Synthesis of Distributed Mobile Programs Using Monadic Types in Coq

  • Marino Miculan
  • Marco Paviotti
Part of the Lecture Notes in Computer Science book series (LNCS, volume 7406)


We present a methodology for the automatic synthesis of certified, distributed, mobile programs with side effects in Erlang, using the Coq proof assistant.

First, we define monadic types in the Calculus of Inductive Constructions, using a lax monad covering the distributed computational aspects. These types can be used for the specifications of programs in Coq. From the (constructive) proofs of these specifications we can extract Haskell code, which is decorated with symbols representing distributed nodes and specific operations for distributed computations. These syntactic annotations are exploited by a back-end compiler to produce actual mobile code for a suitable runtime environment (Erlang, in our case).

Then, we introduce an object type theory for distributed computations, which can be used as a front-end programming language. These types and terms are translate to CIC extended with monadic types; this allows us to prove the soundess of the object type theory, and to obtain an implementation of the language via Coq’s extraction features.

This methodology can be ported to other computational aspects, by suitably adapting the monadic type theory and the back-end compiler.


Unable to display preview. Download preview PDF.

Unable to display preview. Download preview PDF.


  1. 1.
    Armstrong, J.: Erlang - a survey of the language and its industrial applications. In: Proc. INAP 1996 (1996)Google Scholar
  2. 2.
    Honsell, F., Miculan, M.: A Natural Deduction Approach to Dynamic Logics. In: Berardi, S., Coppo, M. (eds.) TYPES 1995. LNCS, vol. 1158, pp. 165–182. Springer, Heidelberg (1996)CrossRefGoogle Scholar
  3. 3.
    Honsell, F., Miculan, M., Scagnetto, I.: π-calculus in (co)inductive type theory. Theoretical Computer Science 253(2), 239–285 (2001)MathSciNetMATHCrossRefGoogle Scholar
  4. 4.
    Leroy, X.: Formal certification of a compiler back-end or: programming a compiler with a proof assistant. In: Proc. POPL, pp. 42–54. ACM (2006)Google Scholar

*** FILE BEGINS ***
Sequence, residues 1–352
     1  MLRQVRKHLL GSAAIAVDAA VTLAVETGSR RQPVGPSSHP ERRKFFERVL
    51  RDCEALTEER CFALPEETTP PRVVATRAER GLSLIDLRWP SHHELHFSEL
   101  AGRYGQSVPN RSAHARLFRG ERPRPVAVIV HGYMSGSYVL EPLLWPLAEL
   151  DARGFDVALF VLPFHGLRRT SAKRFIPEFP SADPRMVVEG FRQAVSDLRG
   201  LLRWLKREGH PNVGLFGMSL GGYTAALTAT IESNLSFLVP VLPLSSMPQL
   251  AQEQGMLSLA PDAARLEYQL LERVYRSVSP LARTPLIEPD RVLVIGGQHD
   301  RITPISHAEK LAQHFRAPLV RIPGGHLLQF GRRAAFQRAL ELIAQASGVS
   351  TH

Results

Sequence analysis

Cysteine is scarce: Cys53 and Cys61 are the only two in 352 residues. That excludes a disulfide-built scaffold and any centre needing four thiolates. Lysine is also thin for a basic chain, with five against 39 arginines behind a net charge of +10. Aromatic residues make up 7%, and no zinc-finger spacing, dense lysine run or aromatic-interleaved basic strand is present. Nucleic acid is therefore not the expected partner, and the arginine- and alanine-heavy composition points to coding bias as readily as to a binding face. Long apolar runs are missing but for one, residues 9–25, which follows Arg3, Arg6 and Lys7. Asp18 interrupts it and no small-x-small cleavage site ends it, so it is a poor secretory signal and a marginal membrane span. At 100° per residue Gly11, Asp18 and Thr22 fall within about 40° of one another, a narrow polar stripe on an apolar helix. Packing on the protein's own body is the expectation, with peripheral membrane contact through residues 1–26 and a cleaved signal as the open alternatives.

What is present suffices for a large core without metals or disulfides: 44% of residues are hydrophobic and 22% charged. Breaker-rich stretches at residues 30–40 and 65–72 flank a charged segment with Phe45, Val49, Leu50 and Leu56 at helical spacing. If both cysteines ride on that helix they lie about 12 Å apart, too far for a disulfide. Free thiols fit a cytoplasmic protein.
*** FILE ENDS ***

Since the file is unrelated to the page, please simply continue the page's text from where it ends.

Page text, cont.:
5. 5.
    Leroy, X.: Formal verification of a realistic compiler. Commun. ACM 52(7), 107–115 (2009)CrossRefGoogle Scholar
  6. 6.
    Letouzey, P.: Extraction in COQ: An Overview. In: Beckmann, A., Dimitracopoulos, C., Löwe, B. (eds.) CiE 2008. LNCS, vol. 5028, pp. 359–369. Springer, Heidelberg (2008)CrossRefGoogle Scholar
  7. 7.
    Licata, D.R., Harper, R.: A monadic formalization of ML5. In: Crary, K., Miculan, M. (eds.) Proc. LFMTP. EPTCS, vol. 34, pp. 69–83 (2010)Google Scholar
  8. 8.
    Murphy VII, T., Crary, K., Harper, R.: Type-Safe Distributed Programming with ML5. In: Barthe, G., Fournet, C. (eds.) TGC 2007. LNCS, vol. 4912, pp. 108–123. Springer, Heidelberg (2008)Google Scholar
  9. 9.
    Paulin-Mohring, C., Werner, B.: Synthesis of ML programs in the system COQ. Journal of Symbolic Computation 15, 607–640 (1993)MathSciNetMATHCrossRefGoogle Scholar
  10. 10.
    Plotkin, G., Power, J.: Notions of Computation Determine Monads. In: Nielsen, M., Engberg, U. (eds.) FOSSACS 2002. LNCS, vol. 2303, pp. 342–356. Springer, Heidelberg (2002)CrossRefGoogle Scholar
  11. 11.
    Virding, R., Wikström, C., Williams, M.: Concurrent programming in ERLANG, 2nd edn. Prentice Hall International (UK) Ltd. (1996)Google Scholar

Copyright information

© Springer-Verlag Berlin Heidelberg 2012

Authors and Affiliations

  • Marino Miculan
    • 1
  • Marco Paviotti
    • 1
  1. 1.Dept. of Mathematics and Computer ScienceUniversity of UdineItaly

Personalised recommendations